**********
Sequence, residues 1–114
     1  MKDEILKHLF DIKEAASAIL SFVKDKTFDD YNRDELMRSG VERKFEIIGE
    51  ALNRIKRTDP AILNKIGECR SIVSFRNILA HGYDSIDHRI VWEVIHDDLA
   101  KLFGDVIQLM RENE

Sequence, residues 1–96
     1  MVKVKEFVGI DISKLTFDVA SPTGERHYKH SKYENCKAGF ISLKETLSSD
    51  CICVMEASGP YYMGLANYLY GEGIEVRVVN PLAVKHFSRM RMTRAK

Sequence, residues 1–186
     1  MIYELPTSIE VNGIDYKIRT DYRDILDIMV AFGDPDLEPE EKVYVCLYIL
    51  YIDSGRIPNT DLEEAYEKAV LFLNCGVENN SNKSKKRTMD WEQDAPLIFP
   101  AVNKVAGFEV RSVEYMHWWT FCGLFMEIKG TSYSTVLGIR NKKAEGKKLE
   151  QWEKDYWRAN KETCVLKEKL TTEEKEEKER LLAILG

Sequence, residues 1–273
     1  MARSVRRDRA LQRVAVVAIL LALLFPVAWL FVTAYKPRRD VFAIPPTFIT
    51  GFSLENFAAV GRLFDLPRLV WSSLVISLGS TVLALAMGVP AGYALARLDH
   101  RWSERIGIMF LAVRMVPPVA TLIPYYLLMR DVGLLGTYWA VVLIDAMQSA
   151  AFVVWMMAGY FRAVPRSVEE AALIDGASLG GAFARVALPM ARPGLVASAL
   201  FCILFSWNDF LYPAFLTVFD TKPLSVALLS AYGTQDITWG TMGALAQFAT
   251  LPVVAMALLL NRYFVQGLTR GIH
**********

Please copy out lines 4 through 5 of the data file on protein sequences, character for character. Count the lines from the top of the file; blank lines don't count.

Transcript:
   101  KLFGDVIQLM RENE

Sequence, residues 1–96